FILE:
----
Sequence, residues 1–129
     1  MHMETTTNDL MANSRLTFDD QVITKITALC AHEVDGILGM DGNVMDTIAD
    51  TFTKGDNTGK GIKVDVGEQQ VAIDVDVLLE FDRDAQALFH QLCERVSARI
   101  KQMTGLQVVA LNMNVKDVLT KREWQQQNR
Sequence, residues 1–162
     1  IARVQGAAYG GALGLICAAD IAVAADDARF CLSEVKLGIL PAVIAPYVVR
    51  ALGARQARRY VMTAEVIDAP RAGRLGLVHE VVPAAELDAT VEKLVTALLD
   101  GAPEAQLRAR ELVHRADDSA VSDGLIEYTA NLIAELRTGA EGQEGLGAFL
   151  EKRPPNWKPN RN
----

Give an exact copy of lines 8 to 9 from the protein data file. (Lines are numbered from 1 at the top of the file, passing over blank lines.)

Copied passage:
   101  GAPEAQLRAR ELVHRADDSA VSDGLIEYTA NLIAELRTGA EGQEGLGAFL
   151  EKRPPNWKPN RN